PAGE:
Patrick Collier

The eyes have it: Art of the camera

ArtsWatch Weekly: Photography gets (beyond) real, the art museum reshuffles the deck, true tales of equity, Ashland's indie film fest, more

“IF ONLY I HAD THOUGHT OF A KODAK!” H.G. Wells’s vexed and haunted Time Traveller exclaims in the classic science-fiction novel The Time Machine. “I could have flashed that glimpse of the Under-world in a second, and examined it at leisure.” Ah, to create in a moment and examine at leisure. Photography, in the popular imagination, is the utilitarian art, the engineer of art forms, a documenter of what already exists: As Sgt. Joe Friday is supposed to have said laconically on the radio and television series Dragnet, “Just the facts, Ma’am.” In fact, though, while documentation is a crucial element of the photographic art form, it is rarely “mere” documentation. A photo has a frame, and a frame provides, quite literally, a point of view. What’s more, that “perfect accident” of a shot might have taken hours of preparation and years of experience to achieve. In the 180-plus years since the introduction of the daguerrotype in 1839, photography has developed into a full-fledged art form, with rich and varied approaches that include but are far from limited to literal description of the physical world. A photographer’s limits are roughly the same as any other artist’s: How far can her skills and imagination take her?

Left: “Falling Apart” (self-portrait), Laura Kurtenbach. Right: “House of Atlas” (from the series “Short Stories/Tall Tales”), Grace Weston.

Continues…

Patrick Collier: Not another pretty picture

The artist, quarantining at home, sings the blues about art and the fire outside

The last art review I wrote for ArtsWatch was about an exhibit I saw the day before I went on lockdown. In that essay I wrote about the difference seeing art in person makes, as opposed to seeing its digital representation, as there were subtleties I would have missed had I just seen the work online. And if one holds to the rule that art needs to be seen in situ in order to be properly reviewed, I don’t foresee getting much art writing done for quite a while, given the risk factors for myself plus the mounting drive to make genocide by default the national coronavirus policy.  

Keith Haring, Ignorance = Fear (1989)

Not that there is a dearth of art online worthy of review. Not that there wasn’t an overabundance on social media before the pandemic, and in the last two months it has increased exponentially. As a response to the stay at home orders and closing of brick and mortar venues, artists are doing virtual studio visits or posting mini-retrospectives. Galleries do video tours of their exhibits, and museums are opening up their collections to view on their websites. Dance ensembles, chorales, and other musicians of all sorts are performing remotely, all gathered together in frames on Zoom. Indicative of various needs that may or not be obvious, and may or may not be met, I find it both a bit tragic and heartening (although I have to work at any positives that come out of this crisis) at the same time.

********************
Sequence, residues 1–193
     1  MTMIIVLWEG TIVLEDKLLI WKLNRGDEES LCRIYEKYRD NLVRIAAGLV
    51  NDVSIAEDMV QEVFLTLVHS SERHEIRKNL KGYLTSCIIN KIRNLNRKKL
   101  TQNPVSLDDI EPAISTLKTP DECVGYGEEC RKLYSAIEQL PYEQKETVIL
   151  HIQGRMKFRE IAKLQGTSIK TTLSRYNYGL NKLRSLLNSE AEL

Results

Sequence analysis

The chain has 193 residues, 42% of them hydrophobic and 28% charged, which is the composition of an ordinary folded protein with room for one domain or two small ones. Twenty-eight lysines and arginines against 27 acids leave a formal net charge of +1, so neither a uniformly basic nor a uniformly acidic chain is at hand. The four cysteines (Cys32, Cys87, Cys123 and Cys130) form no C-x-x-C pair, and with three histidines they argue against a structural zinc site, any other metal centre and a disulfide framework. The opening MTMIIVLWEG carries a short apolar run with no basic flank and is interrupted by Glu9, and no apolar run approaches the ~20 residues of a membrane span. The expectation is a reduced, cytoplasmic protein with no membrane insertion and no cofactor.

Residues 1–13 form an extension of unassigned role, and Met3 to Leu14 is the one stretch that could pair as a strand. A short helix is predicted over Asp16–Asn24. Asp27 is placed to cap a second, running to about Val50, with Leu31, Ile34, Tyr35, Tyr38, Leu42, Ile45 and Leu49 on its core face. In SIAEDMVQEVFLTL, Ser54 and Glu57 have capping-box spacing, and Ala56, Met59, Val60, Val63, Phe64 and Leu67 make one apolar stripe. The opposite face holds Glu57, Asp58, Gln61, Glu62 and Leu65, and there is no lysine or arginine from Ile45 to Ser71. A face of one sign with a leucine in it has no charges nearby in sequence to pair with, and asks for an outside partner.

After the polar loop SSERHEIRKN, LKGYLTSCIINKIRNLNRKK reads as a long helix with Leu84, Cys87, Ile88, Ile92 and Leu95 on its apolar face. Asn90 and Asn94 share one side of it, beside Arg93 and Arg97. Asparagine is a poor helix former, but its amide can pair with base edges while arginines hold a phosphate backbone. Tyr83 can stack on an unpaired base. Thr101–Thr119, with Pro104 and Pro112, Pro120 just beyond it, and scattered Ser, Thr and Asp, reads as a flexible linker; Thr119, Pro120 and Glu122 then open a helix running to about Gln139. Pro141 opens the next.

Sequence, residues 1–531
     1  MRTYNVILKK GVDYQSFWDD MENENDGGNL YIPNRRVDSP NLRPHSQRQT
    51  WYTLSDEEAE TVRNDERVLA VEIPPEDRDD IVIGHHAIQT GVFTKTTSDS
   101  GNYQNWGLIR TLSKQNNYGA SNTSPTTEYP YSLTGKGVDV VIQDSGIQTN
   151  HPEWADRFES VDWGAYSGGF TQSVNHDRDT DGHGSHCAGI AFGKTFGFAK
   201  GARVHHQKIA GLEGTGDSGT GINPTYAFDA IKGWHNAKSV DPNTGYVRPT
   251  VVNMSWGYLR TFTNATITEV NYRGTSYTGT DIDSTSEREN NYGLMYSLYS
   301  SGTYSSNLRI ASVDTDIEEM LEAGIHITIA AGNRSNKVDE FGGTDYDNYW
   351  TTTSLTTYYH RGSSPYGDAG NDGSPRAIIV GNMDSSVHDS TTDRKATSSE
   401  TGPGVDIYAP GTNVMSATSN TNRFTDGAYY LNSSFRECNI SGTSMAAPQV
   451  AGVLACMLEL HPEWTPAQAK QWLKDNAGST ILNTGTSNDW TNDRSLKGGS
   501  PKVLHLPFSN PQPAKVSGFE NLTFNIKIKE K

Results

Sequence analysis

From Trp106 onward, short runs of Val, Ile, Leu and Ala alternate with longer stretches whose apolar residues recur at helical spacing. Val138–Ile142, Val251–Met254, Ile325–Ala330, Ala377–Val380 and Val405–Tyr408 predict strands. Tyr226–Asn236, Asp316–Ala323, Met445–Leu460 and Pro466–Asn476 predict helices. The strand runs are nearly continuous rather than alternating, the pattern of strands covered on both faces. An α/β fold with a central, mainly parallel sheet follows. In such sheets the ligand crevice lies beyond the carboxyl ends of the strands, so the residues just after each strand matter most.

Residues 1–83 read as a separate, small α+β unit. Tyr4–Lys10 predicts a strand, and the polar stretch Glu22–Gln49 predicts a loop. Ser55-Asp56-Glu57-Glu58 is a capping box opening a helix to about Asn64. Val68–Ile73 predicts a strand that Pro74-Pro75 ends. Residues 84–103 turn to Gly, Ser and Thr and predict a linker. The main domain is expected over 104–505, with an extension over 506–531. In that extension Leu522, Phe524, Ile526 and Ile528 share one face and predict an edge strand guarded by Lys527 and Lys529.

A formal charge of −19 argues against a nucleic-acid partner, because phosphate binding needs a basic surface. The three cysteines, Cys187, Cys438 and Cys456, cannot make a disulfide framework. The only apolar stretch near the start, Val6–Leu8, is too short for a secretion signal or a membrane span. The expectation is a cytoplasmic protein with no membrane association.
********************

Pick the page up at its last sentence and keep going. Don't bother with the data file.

Continues…

VizArts Monthly: Revolving by degree

A new year opens, inch by inch, and lines of flight are revealed

The Earth inches around the sun a fraction less than one degree between December 31 and January 1, and yet somehow I still believe that something momentous has occurred. “Thank the far-flung heavens that 2017 is over,” I exclaim aloud to myself and anyone within hearing distance. People roll their eyes in agreement, make the universal gesture of disgust (raising the index and middle fingers toward the mouth), even snarl audibly—these are the times we live in. We are hoping for better, or at least no worse, a psychological imperative, maybe.

I resolve, I resolve, I resolve. And for some minutes, hours, days, under the spell of those resolutions, I may feel a new lightness in my step. All the same, I know that the environment that produced those universal gestures of disgust hasn’t changed very much during that one degree of revolution (will someone out there check my math?).

Fortunately, the culture itself, our local culture, still has the elements that offered me support during 2017, no matter how grotesque it seemed. I’ll paraphrase Gilles Deleuze and Felix Guattari in “A Thousand Plateaus” (and pardon me if it’s wildly inappropriate here): In 2017 there were “lines of articulation or segmentarity, strata and territories”; but I also found “lines of flight, movements of deterritorialization and destratification.” Mostly I found them manifest and represented in the creative acts of art I bumped into during the year, and even in the society itself occasionally, often prompted by a state of mind initiated by the arts.

Lines of flight. Movements of deterritorialization and destratification. Deleuze and Guattari’s book was published in 1987. And yet…I’m sifting through the experiences the culture offers looking for those same things some 30 years later. Degree by degree, as the Earth revolves. Which maybe itself is a line of flight.

Some art exhibitions opening in January that may destratify your consciousness?

Continues…